This is where it gets more subjective. The main reason to make an adjustment is European involvement – a long European run affect’s player fitness and priorities. Conversely – not playing in Europe, as Chelsea illustrated last season, can be a significant advantage.

Another (very subjective) allowance that needs to be made is for the impact of Spurs playing home matches at Wembley.

Prior to last season I made some similar subjective adjustments to teams’ ratings – and it turned out that in each case it was right to do so, but the adjustment wasn’t large enough.

So, here’s the list of this season’s subjective adjustments – together with the reasons for them:


4. The projection

Putting all this together, I get to the full 2017/18 season projection. This simulates 5000 EPL scenarios to calculate the probability of potential outcomes using the team ratings described above.


So, Man City’s squad strengthening and a reduction in Spurs home advantages puts City just ahead in the overall projection. It’s the usual top six, but I’ve got a reasonably large gap between the top 2 and the remaining 4.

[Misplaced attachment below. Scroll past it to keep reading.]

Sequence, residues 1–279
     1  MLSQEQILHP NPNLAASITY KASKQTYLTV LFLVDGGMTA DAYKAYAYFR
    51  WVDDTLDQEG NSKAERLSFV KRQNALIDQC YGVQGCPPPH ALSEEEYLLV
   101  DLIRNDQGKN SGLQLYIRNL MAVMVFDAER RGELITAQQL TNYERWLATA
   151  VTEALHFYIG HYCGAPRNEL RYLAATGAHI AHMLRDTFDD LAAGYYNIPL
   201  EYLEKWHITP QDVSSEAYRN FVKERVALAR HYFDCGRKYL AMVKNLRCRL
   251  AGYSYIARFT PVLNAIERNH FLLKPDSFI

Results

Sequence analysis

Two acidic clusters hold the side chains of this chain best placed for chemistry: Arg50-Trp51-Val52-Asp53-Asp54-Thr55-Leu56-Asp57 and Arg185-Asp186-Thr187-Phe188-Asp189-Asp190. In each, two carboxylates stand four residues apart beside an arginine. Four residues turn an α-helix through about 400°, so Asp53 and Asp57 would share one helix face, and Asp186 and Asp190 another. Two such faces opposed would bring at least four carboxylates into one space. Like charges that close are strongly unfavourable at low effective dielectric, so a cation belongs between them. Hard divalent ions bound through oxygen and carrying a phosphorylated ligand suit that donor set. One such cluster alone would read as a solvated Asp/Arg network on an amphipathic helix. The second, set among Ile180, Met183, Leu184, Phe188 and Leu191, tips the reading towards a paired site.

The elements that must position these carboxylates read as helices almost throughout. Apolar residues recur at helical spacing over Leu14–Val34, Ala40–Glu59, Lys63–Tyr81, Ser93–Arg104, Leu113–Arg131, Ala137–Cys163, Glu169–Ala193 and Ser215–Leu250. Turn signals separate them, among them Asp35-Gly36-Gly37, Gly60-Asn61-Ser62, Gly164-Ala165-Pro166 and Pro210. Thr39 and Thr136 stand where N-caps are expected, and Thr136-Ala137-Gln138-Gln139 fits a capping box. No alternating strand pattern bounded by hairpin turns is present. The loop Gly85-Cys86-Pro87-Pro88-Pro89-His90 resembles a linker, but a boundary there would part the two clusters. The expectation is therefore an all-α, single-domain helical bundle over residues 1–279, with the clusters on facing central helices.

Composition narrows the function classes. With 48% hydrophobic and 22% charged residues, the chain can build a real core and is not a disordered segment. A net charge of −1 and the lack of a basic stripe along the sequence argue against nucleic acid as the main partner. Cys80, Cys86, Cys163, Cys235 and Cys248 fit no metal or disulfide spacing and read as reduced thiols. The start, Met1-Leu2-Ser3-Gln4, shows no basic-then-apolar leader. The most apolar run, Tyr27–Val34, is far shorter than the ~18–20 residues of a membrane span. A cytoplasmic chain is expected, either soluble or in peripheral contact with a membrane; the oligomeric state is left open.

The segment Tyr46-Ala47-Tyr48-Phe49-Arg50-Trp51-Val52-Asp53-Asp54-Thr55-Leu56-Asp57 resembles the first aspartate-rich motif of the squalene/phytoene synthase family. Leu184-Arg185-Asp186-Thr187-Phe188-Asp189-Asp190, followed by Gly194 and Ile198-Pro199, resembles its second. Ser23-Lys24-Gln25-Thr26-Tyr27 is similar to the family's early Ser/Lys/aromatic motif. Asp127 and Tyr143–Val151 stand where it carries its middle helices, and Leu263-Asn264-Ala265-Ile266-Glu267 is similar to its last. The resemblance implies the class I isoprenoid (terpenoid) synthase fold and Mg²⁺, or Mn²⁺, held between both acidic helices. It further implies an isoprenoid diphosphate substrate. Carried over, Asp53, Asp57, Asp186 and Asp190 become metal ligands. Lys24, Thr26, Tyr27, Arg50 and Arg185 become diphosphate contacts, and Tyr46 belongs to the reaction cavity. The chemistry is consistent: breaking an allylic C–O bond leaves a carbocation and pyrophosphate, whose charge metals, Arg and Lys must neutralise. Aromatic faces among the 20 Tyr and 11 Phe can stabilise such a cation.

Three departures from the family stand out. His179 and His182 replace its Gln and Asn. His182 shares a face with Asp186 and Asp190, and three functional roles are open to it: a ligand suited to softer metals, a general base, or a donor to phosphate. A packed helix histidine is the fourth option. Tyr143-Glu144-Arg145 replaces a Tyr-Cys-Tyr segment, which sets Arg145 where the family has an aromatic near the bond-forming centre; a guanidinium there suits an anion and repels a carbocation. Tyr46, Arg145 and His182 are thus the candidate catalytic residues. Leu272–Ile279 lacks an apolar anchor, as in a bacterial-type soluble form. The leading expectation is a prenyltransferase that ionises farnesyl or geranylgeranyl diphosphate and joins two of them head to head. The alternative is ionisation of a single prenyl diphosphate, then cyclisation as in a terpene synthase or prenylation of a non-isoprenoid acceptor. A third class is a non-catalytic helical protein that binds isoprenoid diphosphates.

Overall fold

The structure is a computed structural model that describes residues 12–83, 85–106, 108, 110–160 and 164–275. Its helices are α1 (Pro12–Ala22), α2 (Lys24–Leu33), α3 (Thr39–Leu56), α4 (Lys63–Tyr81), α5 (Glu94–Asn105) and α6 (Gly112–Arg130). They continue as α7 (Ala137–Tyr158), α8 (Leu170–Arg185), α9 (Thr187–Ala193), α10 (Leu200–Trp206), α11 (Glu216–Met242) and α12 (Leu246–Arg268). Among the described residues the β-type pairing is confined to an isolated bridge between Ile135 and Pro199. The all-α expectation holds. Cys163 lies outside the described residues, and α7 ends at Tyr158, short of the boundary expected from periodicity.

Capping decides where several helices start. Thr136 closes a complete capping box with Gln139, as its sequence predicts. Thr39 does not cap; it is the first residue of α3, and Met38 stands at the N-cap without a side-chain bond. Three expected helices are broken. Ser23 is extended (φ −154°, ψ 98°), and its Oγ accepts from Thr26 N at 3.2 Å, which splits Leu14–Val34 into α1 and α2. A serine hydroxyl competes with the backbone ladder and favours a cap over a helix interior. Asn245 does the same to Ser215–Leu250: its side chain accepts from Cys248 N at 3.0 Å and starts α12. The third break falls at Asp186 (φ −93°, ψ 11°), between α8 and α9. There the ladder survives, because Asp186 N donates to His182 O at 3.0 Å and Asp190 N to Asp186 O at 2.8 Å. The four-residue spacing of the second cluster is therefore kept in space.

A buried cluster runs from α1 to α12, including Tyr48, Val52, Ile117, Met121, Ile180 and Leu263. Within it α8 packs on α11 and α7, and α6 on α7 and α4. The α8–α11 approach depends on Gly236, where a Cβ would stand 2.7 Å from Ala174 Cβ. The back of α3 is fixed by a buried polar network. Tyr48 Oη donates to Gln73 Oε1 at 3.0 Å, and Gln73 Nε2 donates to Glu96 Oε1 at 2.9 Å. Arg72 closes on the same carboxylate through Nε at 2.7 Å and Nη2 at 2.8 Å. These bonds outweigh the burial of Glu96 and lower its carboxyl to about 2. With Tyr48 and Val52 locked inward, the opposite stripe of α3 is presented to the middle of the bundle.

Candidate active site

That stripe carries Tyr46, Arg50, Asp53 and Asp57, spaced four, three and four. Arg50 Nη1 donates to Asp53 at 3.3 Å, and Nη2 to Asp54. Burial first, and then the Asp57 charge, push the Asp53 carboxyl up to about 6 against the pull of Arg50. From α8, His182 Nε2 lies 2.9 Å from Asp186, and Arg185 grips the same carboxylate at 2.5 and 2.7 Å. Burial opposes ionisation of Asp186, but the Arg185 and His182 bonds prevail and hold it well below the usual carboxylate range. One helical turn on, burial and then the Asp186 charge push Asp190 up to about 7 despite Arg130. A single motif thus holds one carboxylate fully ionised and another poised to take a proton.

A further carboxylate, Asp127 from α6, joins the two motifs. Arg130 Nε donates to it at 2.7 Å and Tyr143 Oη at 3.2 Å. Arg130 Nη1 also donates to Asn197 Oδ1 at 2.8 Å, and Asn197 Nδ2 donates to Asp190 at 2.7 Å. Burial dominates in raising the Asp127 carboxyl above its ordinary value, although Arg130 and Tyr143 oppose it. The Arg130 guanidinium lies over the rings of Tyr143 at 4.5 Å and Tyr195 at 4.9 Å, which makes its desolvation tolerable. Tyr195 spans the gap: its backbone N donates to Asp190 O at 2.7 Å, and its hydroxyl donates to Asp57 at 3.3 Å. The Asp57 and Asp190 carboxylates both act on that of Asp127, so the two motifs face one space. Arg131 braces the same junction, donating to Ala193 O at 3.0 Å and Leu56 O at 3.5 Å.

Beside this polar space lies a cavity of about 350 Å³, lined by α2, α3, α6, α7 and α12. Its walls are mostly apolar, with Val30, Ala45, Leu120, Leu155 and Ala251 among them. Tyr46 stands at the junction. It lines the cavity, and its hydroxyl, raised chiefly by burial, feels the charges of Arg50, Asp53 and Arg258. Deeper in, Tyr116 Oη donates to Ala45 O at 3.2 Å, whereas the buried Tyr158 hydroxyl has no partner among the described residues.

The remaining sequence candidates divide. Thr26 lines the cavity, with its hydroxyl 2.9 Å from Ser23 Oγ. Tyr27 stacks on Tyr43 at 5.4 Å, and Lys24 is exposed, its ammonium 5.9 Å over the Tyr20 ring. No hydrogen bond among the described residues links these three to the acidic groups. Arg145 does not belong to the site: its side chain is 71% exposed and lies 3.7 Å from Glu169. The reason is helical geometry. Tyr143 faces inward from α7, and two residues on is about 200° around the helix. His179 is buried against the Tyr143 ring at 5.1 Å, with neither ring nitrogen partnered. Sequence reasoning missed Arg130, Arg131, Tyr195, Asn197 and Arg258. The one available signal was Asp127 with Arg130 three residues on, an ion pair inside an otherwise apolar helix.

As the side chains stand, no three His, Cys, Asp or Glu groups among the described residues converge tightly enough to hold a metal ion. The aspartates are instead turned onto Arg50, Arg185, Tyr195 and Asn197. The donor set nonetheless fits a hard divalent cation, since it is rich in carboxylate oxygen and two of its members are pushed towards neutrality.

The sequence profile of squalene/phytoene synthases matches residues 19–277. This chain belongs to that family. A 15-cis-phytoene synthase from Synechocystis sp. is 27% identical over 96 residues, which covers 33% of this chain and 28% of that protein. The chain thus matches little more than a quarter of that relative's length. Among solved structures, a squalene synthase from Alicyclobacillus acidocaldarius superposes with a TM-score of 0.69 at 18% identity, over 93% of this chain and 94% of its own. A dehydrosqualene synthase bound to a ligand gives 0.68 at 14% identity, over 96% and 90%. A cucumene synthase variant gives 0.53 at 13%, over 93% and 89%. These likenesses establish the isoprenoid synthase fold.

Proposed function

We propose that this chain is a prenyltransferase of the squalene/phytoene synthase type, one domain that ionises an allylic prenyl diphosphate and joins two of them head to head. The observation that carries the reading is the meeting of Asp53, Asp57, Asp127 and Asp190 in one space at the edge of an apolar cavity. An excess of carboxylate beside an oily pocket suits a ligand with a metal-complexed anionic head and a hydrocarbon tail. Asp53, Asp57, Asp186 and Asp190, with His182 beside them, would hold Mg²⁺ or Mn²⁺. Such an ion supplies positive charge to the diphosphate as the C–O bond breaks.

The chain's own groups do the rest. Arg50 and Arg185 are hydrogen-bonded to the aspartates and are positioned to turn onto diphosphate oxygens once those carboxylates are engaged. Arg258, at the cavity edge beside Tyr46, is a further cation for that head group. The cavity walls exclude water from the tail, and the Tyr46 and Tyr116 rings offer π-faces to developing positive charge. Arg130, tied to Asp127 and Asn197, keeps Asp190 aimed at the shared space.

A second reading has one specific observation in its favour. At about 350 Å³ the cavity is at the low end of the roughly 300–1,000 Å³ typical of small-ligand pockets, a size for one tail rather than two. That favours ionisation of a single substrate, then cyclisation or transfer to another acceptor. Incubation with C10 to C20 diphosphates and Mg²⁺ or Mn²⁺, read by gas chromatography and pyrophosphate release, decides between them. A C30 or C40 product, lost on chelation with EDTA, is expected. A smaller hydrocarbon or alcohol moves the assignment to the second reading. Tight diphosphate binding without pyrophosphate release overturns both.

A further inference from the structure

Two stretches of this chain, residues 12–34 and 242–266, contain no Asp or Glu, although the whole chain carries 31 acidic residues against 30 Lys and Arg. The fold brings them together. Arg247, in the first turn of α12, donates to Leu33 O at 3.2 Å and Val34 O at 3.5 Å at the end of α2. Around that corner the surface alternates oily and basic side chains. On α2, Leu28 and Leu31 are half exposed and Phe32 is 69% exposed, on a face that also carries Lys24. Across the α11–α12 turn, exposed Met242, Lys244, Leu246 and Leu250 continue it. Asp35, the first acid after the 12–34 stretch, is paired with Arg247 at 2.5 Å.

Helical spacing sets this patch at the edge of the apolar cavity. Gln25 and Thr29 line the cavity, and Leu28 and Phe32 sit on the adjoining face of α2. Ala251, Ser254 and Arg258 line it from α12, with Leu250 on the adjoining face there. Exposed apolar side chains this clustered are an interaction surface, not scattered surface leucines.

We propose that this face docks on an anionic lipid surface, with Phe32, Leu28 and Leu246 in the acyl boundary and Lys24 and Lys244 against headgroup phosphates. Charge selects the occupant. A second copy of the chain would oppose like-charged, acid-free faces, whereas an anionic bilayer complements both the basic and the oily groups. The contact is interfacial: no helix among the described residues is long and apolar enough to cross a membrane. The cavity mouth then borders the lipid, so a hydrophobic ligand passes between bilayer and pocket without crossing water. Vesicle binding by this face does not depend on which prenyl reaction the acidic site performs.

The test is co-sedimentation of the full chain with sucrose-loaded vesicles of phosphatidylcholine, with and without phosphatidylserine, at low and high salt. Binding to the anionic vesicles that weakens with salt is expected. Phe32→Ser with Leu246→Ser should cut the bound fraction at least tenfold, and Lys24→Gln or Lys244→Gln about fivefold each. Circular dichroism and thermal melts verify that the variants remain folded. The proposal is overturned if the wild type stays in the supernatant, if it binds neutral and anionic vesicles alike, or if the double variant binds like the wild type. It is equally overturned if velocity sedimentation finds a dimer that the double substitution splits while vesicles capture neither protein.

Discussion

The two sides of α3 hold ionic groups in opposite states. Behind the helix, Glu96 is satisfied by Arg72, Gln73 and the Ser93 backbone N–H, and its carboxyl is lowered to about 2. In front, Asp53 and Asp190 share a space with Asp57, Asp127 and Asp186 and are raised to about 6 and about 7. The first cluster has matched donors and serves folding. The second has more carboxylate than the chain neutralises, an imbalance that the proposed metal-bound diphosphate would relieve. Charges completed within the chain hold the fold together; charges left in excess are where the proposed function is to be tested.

Burnley are projected bottom of the pile (but Sean Dyche is an expert at confounding the underlying numbers) and I expect Huddersfield to  struggle. Brighton and Newcastle have good survival chances.

5. The market

A good test of any prediction is to compare it to the market. The chart below shows expected points against Sporting Index point predictions.


As expected the projection is reasonably consistent with the market. However – there are some notable anomalies. Spurs, as usual, seem undervalued and the market is more bullish on Chelsea and Man United than my model.

At the other end of the table I’m close to the market, other than for Brighton.